Sports and Seasons of the National Collegiate Athletic Association

Sports Offered by the NCAA

A college football game.
A college football game. Christian Petersen/Getty Images

The National Collegiate Athletic Association, more commonly known as the NCAA, governs 23 total different collegiate sports programs at various Division I, Division II and Division III schools throughout the United States. There are 351 Division 1 schools representing 49 of the 50 states. There are 305 schools in Division II, including some Canadian institutions. Division III schools do not offer scholarships to athletes.

The National College Athletic Association divides its sports programs up into three separate seasons: fall, winter, and spring. There is no summer sports season in collegiate athletics, as students are not typically in school during the summer months. However, athletes often train and practice during the summer months in order to prepare themselves for sports once the season starts.

Fall Sports

The National Collegiate Athletic Association offers six different sports for the fall season. Out of those six sports, two of them are available to both men and women. The other four are only available to men. Arguably, the most popular overall collegiate sport is football, which takes place during the fall season. Overall, though, the fall season offers the least amount of sports out of the three seasons, as more sports take place during both the winter and spring seasons.

The six sports offered by the National College Athletic Association for the fall season are:

  • Men's and women's cross-country
  • Field hockey
  • Football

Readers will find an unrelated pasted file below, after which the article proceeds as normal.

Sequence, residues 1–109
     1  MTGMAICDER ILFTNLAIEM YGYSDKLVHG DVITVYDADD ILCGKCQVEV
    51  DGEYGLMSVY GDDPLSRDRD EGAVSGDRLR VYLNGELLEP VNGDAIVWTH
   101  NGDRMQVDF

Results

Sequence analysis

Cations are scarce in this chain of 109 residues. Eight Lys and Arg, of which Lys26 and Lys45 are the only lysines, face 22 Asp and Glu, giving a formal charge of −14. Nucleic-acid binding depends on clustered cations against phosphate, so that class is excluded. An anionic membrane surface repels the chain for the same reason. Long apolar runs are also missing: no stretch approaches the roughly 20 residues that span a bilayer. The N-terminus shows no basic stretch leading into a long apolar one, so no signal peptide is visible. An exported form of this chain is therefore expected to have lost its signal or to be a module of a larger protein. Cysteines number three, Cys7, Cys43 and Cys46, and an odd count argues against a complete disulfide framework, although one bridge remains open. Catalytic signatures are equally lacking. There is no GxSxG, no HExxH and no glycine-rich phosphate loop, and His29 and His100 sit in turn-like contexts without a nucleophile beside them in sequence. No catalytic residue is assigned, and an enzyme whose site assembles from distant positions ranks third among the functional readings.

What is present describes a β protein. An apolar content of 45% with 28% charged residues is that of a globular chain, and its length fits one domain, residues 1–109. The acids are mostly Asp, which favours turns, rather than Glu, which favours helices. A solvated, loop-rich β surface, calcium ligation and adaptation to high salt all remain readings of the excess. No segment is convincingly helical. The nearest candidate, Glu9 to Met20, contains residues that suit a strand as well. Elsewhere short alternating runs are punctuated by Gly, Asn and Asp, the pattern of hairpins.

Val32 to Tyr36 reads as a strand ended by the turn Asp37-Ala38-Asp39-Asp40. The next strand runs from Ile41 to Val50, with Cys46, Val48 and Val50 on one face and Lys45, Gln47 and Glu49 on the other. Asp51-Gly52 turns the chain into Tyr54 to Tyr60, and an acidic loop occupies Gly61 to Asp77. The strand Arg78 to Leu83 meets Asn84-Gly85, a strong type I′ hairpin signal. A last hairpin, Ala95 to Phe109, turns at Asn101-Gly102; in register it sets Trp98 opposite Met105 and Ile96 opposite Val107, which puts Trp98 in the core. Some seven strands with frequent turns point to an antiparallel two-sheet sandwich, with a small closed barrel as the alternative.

• Men's and women's soccer teams
  • Women's volleyball
  • Men's water polo

Winter Sports

The winter is the busiest of the seasons in college sports. The National College Athletic Association offers ten different sports during the winter season. The winter season also offers more available options for women. Out of the ten sports offered by the NCAA during the winter season, seven of them are offered to both men and women. The only sports that take place during the winter season that are not available to women are bowling, fencing, and wrestling.

The 10 sports offered by the National College Athletic Association for the winter season are:

  • Men's and women's basketball teams
  • Bowling
  • Fencing
  • Men's and women's gymnastics
  • Men's and women's ice hockey
  • Men's, women's and mixed rifle
  • Men's, women's and mixed skiing
  • Men's and women's swimming and diving
  • Men's and women's indoor track and field
  • Wrestling

Spring Sports

The spring season offers more sports options than the fall season, but not quite as many as the winter season. Eight separate sports are offered during the spring season. Out of those eight sports, seven of them are available to both men and women. The spring season offers baseball for men, as well as softball for women. The only sport that is offered to only men during the spring season is volleyball, which is also available to women, just during the fall season.

The eight sports offered by the National College Athletic Association for the spring season are:

  • Baseball and softball
  • Men's and women's golf
  • Men's and women's lacrosse
  • Rowing
  • Men's and women's tennis
  • Men's and women's outdoor track and field
  • Men's volleyball
  • Women's water polo


Sports and the College Experience

Many students take a good hard look at the success of a school's sports teams when considering whether to attend. Scholarships to play sports after high school are sought after by many young adults looking for a way to pay for their college tuition, and may choose a sport based on the opportunities schools have in those sports. For example, a decent high school football player will have a better chance of getting a scholarship at a Division II school vs. a highly sought-after Division I institution.

On the other hand, students who are good athletes but do not need an athletic scholarship can take the chance of being a walk on player at any school they attend. A strong athletic performance in high school can bring offers from Division III schools, where not scholarships are available, but can boost the odds of gaining admission to a chosen school.

Many college students remain loyal and devoted fans long after they have graduated, giving their alma mater's teams enthusiastic support in both cheering and donations. Sports are an integral part of the college experience.